During the 1980s, when the apartheid government in South Africa deployed troops not only in Angola, but also in townships within its own borders, there was a brave group of people who said: “No, I refuse to be part of this”.
This year marks the 25th anniversary of that defiance, the End Conscription Campaign (ECC). It was celebrated this weekend with seminars, art exhibitions, films and a thanksgiving service at Spier wine estate, outside Stellenbosch.
The ECC was originally launched by a coalition of human rights, religious, women’s and students’ groups, including the Black Sash, the National Union of South African Students and the Young Progressives. According to an article in Die Burger of 31 October 2009, altogether 7589 young men failed to report for military service in 1985. Some were sent to jail for their refusal to comply to compulsory conscription.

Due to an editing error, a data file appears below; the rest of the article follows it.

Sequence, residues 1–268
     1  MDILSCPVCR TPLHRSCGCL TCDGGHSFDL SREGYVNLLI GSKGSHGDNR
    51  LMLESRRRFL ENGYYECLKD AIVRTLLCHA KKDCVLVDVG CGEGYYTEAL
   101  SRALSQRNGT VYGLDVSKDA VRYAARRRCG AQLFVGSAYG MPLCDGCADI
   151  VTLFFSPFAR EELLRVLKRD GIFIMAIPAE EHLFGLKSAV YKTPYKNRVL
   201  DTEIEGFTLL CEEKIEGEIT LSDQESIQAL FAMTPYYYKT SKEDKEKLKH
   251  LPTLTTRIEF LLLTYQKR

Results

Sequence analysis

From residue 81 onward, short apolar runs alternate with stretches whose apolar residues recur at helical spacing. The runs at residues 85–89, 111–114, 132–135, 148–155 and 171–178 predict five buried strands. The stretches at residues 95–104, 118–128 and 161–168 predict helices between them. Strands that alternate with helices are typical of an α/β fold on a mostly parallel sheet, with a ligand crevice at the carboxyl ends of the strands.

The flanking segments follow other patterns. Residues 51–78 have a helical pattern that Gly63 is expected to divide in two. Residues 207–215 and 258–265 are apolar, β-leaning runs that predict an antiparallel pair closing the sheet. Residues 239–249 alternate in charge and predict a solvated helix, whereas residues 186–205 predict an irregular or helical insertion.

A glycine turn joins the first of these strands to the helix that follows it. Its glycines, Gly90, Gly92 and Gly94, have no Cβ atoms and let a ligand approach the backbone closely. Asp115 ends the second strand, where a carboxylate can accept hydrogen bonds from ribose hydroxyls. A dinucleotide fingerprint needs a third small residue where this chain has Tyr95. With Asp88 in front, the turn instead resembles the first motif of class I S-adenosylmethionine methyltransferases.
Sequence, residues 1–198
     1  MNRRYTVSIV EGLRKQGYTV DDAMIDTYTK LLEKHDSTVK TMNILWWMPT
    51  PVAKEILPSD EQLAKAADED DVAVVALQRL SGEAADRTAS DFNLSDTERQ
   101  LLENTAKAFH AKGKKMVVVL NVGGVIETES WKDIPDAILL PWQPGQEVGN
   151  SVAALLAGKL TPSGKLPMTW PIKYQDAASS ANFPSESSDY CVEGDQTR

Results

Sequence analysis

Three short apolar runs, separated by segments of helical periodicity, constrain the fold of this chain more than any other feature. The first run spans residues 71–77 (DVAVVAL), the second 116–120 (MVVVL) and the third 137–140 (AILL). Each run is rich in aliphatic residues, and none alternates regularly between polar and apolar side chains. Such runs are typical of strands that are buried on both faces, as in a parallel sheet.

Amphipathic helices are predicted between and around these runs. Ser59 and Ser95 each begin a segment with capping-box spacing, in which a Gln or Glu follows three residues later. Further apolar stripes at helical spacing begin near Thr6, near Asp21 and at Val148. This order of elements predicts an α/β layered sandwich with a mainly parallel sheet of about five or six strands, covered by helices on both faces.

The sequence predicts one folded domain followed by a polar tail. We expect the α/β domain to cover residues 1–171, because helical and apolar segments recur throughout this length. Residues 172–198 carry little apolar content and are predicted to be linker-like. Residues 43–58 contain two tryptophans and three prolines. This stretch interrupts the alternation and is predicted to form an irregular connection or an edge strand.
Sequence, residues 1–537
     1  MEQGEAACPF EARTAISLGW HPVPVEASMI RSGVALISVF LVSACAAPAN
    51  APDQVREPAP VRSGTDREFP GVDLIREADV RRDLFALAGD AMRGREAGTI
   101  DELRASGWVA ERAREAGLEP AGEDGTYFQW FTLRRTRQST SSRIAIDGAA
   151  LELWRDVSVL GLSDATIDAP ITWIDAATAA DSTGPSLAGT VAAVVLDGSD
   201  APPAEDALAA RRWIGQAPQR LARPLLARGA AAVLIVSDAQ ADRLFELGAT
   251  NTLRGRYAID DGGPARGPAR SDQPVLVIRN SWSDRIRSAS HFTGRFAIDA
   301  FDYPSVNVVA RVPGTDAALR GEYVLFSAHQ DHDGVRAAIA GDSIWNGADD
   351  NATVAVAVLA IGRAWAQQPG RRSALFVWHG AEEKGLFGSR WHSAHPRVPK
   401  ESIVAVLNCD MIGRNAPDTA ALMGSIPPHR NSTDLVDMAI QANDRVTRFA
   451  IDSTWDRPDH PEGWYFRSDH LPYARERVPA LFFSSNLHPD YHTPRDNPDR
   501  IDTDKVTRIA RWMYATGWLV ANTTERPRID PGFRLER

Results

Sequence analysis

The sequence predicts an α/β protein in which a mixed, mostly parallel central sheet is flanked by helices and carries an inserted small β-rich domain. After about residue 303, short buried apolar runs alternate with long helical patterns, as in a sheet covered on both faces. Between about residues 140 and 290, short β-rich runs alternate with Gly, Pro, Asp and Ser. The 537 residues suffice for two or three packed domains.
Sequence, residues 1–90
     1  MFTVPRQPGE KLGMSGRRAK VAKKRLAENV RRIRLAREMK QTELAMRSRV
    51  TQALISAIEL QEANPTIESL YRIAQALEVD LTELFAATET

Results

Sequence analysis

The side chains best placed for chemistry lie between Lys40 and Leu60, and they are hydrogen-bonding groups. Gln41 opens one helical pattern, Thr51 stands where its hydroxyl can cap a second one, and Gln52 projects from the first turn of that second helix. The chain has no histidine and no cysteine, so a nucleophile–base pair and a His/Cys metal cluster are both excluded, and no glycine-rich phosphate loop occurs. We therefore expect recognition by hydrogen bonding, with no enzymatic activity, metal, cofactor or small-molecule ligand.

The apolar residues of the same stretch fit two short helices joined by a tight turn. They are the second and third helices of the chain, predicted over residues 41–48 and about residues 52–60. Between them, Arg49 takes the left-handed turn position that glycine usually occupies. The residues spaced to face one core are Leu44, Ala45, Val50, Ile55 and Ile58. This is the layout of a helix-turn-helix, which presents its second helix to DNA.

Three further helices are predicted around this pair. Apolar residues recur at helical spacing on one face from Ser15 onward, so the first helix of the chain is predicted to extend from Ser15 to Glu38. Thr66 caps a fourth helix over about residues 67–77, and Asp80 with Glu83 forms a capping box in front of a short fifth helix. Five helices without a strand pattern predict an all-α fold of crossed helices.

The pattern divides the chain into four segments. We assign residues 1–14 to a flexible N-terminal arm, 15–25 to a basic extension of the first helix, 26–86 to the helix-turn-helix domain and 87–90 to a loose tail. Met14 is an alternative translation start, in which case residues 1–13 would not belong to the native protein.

Willemien Brummer reports in Die Burger that the ECC was always very creative, for instance tying yellow ribbons to trees – a symbol for calling troops home. The art exhibition at Spier is thus a fitting way to commemorate the campaign’s 25 years. Works of well-known artists such as Jane Alexander, Penny Siopis and William Kentridge are on display.
Gavin Young’s sculpture of a baby’s high chair with a gun in the tray, entitled “Botha’s Baby”, shows how South Africans were born into a society where aggression was institutionalised.
Compulsary conscription ended in South African in 1993, but a campaign for peace such as the ECC is still relevant if one takes into consideration that violence and the use of guns is still pervalent in this country.
Many other countries still have compulsory conscription, many are manufacturing deadly bombs and some have to deal with still live landmines, left behind after wars.
Eight photos of child soldiers confront you in the exhibition. This is still a reality in some countries.
Laurie Nathan, former ECC national organiser told Die Burger the weekend at Spier was a celebration of what they achieved, but also a chance to address contemporary issues.